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If you've been paying attention to the health care debate, you've no doubt heard these buzzwords from opponents of the Democratic plan:
Rationing. Euthanasia. Death Panels. Socialized medicine. Canada and Britain.
They have been written on posters, yelled at town hall meetings, and repeated by politicians during TV talk shows. They've been tweeted on Twitter and pasted on Facebook. They are scary words. (Well, maybe not "Canada," but in the context of "The health reform plan will give us a system like Canada's," it's certainly meant to scare).
Undeniably, these words have dominated much of the debate. But how much do they really have to do with what's actually being proposed in the health care bills in Congress? According to our research at PolitiFact, not a whole lot.
Today, we published two items about rationing, a loaded term if ever there was one. We concluded that Republicans are wrong to suggest there's no rationing today but would be under Obama's plan, but also that Democrats are wrong the say there would be no rationing under his plan. Any plan that uses insurance companies with deductibles, caps and requirements for out-of-pocket expenses does, by its very nature, have rationing. Health care experts on both sides told us we've got rationing now and we'd have it under the Democratic plan.
Warnings about "death panels" and euthanasia are the offspring of the rationing claims. We looked into the "death panel" claim, introduced by former Alaska Gov. Sarah Palin, and concluded she was wrong. We also debunked repeated claims that the plan includes euthanasia. The plan authorizes payments to doctors to give elderly and seriously ill patients end-of-life counseling, but that counseling is voluntary. And it's ridiculous to say it would lead to euthanasia.
The other big phrase from opponents is "socialized medicine," a headline-grabbing term meant to suggest that the government would take over health care, or that the plan being considered in Congress is a "single-payer" system. That's not what's being proposed. The plan is to have people with private insurance through their employer (and that accounts for most people) keep that coverage. For those who do not, the government would oversee a health care exchange, in which private companies would offer plans.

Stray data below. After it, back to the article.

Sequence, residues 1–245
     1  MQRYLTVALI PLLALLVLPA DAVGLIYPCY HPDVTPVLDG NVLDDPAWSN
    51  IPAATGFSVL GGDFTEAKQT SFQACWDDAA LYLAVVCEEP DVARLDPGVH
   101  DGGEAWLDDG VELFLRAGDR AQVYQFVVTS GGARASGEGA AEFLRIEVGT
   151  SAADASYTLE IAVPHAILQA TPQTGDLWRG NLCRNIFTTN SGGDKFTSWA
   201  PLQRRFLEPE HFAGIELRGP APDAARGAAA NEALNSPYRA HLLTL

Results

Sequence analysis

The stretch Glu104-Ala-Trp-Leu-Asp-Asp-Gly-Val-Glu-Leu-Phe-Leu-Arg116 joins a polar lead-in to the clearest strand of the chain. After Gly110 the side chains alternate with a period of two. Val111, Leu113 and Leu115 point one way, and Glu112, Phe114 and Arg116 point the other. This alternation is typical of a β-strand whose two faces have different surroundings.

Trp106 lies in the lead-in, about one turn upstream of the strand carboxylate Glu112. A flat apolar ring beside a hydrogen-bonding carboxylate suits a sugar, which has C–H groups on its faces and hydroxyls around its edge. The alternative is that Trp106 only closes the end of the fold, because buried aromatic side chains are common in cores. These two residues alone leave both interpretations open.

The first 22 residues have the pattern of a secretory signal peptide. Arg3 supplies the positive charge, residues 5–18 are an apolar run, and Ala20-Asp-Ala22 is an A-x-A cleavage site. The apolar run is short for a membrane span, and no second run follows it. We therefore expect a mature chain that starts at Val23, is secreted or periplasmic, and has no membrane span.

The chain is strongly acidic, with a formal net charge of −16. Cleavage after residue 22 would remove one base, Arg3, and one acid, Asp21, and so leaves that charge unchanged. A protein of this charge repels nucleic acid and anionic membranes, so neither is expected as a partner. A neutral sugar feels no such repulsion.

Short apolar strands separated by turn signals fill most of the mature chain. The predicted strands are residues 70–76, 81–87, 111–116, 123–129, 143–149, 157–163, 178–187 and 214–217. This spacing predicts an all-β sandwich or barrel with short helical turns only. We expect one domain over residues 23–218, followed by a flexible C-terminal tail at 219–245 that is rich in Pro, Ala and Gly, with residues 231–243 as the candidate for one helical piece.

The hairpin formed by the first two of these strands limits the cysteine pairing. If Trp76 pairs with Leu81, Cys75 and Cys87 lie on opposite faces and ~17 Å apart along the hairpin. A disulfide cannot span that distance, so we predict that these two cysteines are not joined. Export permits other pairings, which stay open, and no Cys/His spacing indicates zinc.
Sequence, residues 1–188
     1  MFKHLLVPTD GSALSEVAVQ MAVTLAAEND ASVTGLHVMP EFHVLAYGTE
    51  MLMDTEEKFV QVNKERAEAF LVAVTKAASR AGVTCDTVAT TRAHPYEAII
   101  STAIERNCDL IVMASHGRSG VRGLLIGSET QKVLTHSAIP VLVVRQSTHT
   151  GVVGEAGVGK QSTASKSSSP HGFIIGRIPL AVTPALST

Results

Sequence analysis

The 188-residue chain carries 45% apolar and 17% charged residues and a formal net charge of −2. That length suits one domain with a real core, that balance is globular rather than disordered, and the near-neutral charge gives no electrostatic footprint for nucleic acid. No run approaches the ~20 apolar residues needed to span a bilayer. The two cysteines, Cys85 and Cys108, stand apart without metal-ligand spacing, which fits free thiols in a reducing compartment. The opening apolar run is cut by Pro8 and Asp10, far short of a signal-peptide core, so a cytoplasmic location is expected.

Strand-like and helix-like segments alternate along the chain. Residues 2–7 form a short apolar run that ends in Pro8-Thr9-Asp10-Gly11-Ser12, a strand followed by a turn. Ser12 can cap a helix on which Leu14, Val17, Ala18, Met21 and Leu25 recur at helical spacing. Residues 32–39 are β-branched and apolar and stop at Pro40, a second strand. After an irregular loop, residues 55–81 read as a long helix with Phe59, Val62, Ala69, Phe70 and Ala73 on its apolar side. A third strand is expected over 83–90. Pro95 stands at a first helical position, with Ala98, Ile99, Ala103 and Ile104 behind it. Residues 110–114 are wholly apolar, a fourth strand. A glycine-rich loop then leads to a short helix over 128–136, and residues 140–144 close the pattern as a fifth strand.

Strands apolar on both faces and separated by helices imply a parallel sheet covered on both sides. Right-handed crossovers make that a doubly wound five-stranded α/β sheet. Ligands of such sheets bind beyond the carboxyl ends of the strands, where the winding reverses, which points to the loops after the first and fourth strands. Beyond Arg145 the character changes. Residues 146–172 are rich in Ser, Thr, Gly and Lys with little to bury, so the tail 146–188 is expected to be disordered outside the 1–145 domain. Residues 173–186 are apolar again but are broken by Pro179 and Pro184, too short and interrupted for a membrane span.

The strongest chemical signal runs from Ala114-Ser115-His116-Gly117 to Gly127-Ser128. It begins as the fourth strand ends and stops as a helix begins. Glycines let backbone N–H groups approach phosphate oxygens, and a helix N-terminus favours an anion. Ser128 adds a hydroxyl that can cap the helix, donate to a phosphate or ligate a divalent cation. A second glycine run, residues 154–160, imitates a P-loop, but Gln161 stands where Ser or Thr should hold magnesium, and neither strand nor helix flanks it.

Here's the most controversial part: The exchange would include a government-run health plan, which is often known as the public option. In other words, that government plan — which may or may not end up in the final bill — is a part of a part. And the government would subsidize those who cannot afford insurance. That's far short of a fully government-run plan.
It's fair game to state an opinion that you think this is where the system is heading. It's reasonable, for example, to say "I'm worried that a public option could lead to socialized medicine." But it is not accurate to describe the Democrats' plan as socialized medicine.
That's also true with the claims about alleged shortcomings in the public health systems in Canada and Britain. The underlying assumption is that that is what is being proposed here. It is not.
Republican strategist Frank Lunz has advised GOP members to use the word "rationing" to build opposition to the Democratic plan.
In a memo called "The Language of Healthcare 2009: The 10 rules for stopping the 'Washington Takeover' of Healthcare," Luntz devotes a whole section to how the word can be used.
"The word 'rationing' does induce the negative response you want, but what you
really want audiences to focus on is the 'consequences of rationing,''" Lunz wrote.
Luntz notes that "'rationing' tests very well against the other healthcare buzzwords that frighten Americans." Asked what two concepts or phrases would frighten them the most, "healthcare rationing," ranked at the top of the list with 43 percent (well above other buzz phrases like "socialized medicine" at 26 percent and "Hillary-Care" at 10 percent).
But it isn't enough to just say the word rationing, he wrote. It is much more effective to personalize the concept by saying, for example, "the government will decide what treatment I can or can’t have."
The AARP has been inundated with calls from concerned seniors who have been misled by these buzzwords, said AARP spokesman Jim Dau.
Debate is good, he said, but it's important that people's opinions be based on facts. And a lot of the scare words have no place in a reasonable debate about the critical health care reform issue, he said.
"They are designed to play into the fears and suspicions of people," he said. "And it's completely understandable that people would have fears and suspicions. But this is too important of a discussion to give way to willful distortions."
And make no mistake, he said, opponents of the plan have chosen these words to create a high impact.
"A lot of time and effort and testing went into finding out what words will work to get the most response," Dau said. "In politics, it's always easier to scare someone than it is to educate and engage them."
At PolitiFact, we don't want to hinder the robust debate on such an important policy issue, but we're in the fact-checking business and we felt it was important to highlight some of the more blatant distortions that have dominated much of the discussion and that distract from real issues in the health care debate.
See individual items.